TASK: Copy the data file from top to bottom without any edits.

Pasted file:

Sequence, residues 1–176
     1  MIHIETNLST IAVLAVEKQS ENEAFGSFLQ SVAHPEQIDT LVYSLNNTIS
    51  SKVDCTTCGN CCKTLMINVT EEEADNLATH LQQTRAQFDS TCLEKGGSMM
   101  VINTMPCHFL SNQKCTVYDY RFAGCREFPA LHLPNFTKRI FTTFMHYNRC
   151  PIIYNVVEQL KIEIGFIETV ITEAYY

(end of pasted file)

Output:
Sequence, residues 1–176
     1  MIHIETNLST IAVLAVEKQS ENEAFGSFLQ SVAHPEQIDT LVYSLNNTIS
    51  SKVDCTTCGN CCKTLMINVT EEEADNLATH LQQTRAQFDS TCLEKGGSMM
   101  VINTMPCHFL SNQKCTVYDY RFAGCREFPA LHLPNFTKRI FTTFMHYNRC
   151  PIIYNVVEQL KIEIGFIETV ITEAYY